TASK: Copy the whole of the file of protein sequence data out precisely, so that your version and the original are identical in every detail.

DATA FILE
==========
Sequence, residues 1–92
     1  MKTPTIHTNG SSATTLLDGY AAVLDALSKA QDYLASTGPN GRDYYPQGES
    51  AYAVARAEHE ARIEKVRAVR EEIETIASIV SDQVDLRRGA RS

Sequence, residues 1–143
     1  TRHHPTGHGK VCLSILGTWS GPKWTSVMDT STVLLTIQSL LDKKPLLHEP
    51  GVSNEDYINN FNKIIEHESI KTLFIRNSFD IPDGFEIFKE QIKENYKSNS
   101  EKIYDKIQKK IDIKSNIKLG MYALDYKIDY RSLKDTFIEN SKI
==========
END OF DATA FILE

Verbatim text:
Sequence, residues 1–92
     1  MKTPTIHTNG SSATTLLDGY AAVLDALSKA QDYLASTGPN GRDYYPQGES
    51  AYAVARAEHE ARIEKVRAVR EEIETIASIV SDQVDLRRGA RS

Sequence, residues 1–143
     1  TRHHPTGHGK VCLSILGTWS GPKWTSVMDT STVLLTIQSL LDKKPLLHEP
    51  GVSNEDYINN FNKIIEHESI KTLFIRNSFD IPDGFEIFKE QIKENYKSNS
   101  EKIYDKIQKK IDIKSNIKLG MYALDYKIDY RSLKDTFIEN SKI